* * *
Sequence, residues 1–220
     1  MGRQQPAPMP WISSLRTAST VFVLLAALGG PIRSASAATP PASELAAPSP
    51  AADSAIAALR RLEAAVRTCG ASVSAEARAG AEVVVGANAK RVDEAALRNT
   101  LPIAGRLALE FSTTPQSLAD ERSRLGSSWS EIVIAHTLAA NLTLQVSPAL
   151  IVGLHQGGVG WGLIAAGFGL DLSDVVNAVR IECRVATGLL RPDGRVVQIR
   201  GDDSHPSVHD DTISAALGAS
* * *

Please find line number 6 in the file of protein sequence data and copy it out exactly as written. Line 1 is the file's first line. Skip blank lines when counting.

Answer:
   201  GDDSHPSVHD DTISAALGAS